I could see other cars zipping through the campus getting the fuck out as fast as they could, nearly hitting other cars and some students and staff doing the same thing. It was a solid minute though of silence before I realized that everyone had stopped talking and was staring at me. Amy had turned to face me and all the parents were giving me the stink eye. Rich fuckers.
Amy's comment got a laugh out of me. What the fuck happened to you? I remember just shaking my head confused at her. I had no idea what she was talking about. She was kind enough to point out my current blood soaked clothing and generally disheveled appearance. I remember looking down and being vaguely shocked at my own appearance. I was fucking covered in zombie goo. I had streaks of blood all over my sweatshirt, my jeans, and apparently my face. I hadn't seen myself in a mirror all day. You know, in retrospect, it might've been the fact that I looked like a blood-soaked, shotgun toting maniac that the girl at the gas station was weirded out. Live and learn I guess.
I just shook my head at her and told her it wasnt very good out there. I think I told her I had had a long day. The parents look mortified, and Amy not much different. She filled me in as the parents started to build up speed and fervor in their yelling again. From what she had gathered school had started as normal that day. (incidentally, that day was a Wednesday) As the first few hours went on, school officials realized shit was going down, and entered into lockdown mode. The kids were sealed into a few of their classrooms with their teachers, and the campus was more or less shut down. Locking the students into classrooms caused a few problems that were unexpected. A few of our kids were diabetic, and had insulin reactions or sugar attacks as my grandfather used to call them. One of our kids had epilepsy, and apparently he had a seizure due to missing some meds. These problems just compounded everything making it a very rough place to be.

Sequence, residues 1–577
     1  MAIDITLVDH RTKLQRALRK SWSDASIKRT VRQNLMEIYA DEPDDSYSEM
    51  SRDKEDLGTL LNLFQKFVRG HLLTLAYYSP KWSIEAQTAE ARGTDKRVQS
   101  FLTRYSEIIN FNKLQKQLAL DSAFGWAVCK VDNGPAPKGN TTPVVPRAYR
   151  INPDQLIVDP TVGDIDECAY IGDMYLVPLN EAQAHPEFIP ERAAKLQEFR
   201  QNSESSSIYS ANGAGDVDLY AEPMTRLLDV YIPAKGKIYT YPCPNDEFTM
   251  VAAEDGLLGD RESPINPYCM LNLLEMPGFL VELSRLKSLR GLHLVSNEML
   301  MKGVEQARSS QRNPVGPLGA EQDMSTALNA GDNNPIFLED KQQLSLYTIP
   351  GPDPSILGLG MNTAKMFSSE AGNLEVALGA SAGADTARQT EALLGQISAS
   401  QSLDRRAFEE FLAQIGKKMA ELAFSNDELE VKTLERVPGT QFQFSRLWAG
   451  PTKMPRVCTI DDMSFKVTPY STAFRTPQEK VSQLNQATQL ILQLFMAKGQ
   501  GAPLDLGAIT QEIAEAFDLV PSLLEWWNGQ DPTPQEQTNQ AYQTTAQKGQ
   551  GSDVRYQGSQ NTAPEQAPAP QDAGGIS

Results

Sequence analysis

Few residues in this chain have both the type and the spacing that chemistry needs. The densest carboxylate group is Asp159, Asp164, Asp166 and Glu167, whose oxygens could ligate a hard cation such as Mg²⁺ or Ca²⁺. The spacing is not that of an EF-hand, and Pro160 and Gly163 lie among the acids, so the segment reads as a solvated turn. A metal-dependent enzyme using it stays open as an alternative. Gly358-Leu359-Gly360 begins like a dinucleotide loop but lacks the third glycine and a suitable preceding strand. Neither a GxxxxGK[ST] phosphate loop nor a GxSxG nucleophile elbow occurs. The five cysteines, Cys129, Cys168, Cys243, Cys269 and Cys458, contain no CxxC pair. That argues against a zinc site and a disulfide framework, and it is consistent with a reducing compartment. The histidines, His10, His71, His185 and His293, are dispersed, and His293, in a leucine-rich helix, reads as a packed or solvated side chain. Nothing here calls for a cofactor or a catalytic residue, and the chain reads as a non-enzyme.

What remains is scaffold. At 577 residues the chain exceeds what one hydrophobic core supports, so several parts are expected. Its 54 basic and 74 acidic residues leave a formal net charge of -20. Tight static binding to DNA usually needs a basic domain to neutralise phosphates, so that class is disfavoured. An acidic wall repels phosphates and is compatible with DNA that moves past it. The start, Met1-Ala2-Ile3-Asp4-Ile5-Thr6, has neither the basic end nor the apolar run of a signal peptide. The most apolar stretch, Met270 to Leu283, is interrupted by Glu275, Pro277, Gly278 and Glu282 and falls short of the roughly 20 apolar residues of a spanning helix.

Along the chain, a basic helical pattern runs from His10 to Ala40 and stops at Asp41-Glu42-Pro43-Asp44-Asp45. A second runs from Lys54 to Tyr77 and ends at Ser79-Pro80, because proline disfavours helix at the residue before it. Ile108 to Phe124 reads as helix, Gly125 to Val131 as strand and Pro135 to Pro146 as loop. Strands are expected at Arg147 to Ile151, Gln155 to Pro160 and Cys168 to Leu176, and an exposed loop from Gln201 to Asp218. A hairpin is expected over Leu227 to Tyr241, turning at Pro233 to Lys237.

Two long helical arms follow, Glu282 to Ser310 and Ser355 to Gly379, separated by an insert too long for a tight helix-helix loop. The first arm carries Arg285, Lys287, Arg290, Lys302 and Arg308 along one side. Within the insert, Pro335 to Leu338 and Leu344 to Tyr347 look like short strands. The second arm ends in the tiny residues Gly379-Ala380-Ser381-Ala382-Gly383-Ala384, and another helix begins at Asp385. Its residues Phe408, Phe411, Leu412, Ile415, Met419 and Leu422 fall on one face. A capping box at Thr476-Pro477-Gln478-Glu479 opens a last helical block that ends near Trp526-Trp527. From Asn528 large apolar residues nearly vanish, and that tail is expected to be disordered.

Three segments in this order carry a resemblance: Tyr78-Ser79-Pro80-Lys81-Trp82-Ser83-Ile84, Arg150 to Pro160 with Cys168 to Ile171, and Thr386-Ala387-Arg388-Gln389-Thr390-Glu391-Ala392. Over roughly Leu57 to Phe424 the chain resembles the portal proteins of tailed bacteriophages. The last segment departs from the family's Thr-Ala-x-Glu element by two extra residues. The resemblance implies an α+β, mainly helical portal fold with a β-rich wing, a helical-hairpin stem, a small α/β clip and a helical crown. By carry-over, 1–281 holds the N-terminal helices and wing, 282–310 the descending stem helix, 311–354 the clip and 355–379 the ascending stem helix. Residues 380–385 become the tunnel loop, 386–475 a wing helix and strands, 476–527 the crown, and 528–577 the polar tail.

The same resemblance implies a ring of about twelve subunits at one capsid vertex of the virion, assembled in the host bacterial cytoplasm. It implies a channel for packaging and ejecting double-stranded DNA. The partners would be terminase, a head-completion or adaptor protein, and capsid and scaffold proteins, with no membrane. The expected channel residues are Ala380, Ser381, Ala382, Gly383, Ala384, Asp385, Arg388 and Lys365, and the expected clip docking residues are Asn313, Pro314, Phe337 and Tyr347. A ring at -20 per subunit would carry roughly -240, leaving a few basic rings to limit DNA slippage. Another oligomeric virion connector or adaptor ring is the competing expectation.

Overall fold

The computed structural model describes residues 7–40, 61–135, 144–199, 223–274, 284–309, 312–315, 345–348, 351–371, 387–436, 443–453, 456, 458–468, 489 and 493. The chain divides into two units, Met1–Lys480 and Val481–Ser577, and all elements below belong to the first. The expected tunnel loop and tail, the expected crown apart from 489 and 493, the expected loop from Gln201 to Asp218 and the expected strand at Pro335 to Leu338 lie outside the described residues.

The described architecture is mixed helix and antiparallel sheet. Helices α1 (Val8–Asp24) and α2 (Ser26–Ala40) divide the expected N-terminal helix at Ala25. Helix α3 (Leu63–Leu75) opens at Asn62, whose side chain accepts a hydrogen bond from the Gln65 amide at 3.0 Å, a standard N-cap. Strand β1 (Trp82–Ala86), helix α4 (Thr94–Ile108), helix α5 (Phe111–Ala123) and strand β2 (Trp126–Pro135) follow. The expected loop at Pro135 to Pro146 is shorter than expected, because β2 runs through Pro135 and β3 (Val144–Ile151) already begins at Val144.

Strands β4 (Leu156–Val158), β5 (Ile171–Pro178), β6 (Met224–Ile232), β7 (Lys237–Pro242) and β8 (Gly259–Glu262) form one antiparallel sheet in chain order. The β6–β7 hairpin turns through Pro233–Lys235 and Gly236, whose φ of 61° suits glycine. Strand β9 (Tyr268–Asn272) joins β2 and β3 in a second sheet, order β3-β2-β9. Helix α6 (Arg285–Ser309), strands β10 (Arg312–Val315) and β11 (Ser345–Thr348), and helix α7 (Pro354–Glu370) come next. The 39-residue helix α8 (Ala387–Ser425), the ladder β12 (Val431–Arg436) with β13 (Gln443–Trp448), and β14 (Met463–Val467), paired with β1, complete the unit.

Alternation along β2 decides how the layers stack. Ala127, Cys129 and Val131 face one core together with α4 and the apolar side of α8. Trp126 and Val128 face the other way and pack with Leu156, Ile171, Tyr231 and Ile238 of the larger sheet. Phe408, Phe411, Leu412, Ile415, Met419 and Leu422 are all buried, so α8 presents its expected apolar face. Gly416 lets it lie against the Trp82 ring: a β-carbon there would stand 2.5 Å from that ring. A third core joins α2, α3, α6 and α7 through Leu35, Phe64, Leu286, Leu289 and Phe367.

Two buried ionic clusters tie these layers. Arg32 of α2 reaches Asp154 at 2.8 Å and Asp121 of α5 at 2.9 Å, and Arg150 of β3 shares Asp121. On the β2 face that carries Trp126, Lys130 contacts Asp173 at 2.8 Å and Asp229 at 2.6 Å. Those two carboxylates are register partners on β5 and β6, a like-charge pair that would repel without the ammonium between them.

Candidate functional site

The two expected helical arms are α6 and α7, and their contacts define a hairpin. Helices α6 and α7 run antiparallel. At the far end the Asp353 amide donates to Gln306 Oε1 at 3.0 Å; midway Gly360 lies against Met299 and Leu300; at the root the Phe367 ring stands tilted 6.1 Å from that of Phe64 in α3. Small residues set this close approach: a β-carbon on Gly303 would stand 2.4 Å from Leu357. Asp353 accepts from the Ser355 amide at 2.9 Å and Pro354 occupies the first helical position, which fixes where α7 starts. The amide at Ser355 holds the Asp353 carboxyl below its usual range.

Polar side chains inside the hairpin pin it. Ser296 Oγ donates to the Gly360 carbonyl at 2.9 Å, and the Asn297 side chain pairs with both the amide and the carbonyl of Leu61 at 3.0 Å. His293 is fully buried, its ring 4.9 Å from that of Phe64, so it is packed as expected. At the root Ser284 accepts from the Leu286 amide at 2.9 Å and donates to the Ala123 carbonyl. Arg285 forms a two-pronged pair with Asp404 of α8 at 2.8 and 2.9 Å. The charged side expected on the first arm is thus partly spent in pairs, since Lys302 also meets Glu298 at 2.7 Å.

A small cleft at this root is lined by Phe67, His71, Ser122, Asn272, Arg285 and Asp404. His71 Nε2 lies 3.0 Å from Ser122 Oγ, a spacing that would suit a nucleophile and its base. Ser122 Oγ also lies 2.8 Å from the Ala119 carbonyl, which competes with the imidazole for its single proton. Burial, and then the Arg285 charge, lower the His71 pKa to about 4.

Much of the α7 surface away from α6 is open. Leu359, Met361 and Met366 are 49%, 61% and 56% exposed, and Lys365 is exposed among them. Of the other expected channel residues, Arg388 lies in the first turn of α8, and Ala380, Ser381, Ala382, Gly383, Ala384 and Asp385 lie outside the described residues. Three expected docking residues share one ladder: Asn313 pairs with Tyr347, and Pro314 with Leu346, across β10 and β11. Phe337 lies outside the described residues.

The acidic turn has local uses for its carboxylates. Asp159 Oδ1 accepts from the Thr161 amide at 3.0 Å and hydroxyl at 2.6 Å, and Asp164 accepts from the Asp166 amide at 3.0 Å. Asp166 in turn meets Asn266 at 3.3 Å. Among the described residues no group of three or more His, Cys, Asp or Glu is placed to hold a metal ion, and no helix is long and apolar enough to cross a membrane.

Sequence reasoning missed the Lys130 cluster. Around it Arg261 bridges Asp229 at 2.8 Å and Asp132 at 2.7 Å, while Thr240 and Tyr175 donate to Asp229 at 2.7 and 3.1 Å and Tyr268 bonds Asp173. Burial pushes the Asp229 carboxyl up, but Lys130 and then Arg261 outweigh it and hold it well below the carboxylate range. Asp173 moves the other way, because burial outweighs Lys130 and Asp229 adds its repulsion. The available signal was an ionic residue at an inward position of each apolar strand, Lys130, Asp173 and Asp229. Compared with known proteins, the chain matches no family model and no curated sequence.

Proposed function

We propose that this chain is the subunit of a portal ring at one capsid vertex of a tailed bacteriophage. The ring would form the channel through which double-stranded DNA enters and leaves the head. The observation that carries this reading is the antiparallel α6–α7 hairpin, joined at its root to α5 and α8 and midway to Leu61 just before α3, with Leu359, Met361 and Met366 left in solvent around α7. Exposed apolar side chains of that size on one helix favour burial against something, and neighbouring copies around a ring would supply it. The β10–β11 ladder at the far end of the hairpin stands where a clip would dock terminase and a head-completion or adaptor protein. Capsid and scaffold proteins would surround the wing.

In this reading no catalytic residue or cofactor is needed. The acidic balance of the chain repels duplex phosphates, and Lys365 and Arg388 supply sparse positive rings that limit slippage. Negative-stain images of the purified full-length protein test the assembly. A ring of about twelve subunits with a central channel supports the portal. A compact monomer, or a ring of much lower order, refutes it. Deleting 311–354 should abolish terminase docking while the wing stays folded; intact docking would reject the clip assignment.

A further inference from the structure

Some staff just plain old walked the fuck out. Can you blame them? If I were working that day I would've been gone in a heartbeat. Parents started calling and streaming into the campus, causing total havoc. Most just kicked in random doors looking for their kids. Apparently there had been many altercations throughout the afternoon between staff and parents, as well as parents and parents, and in three cases, someone had been hurt seriously. As in, would probably die. There was no emergency response to any of their 911 calls. I knew why.
One of the parents arrived armed with a weapon only an hour prior and was taking it into his hands to rescue the kids. This guy seemed to be the one causing most of the trouble at the present. The parents were worried he would hurt more people. There was still one more pivotal fuck up to this story.
The eight parents here were trying to pick up eight kids that were still in a classroom, locked down on the top floor of the main classroom building. Amy told me that our resident off-beat English teacher Mrs. Goodell had sealed the door shut, barred it, and wasnt allowing ANYONE in. Our intrepid armed hero-parent was currently on his way to said classroom to, and this is a direct quote from Amy to: fix this bitch.
I think it goes without saying that someone who would say something like that is generally the kind of person who does less fixing of bitches, and more, totally fucking up of things. Amy also said that she had heard multiple gun shots over the last 20 minutes or so heading in the general direction of the school house. No one there knew what to do.
Well Mr. Journal I do not think of myself as a hero. It is my distinct belief that courage is not the lack of fear, but the will and fortitude to do what is necessary in spite of that fear. That night, I knew I had to make the campus safe or I could be totally fucked over by this guy.
I told Amy and the parents to get safe inside a car, or the admissions building, and that I would take care of it.
I was off to "fix that bitch."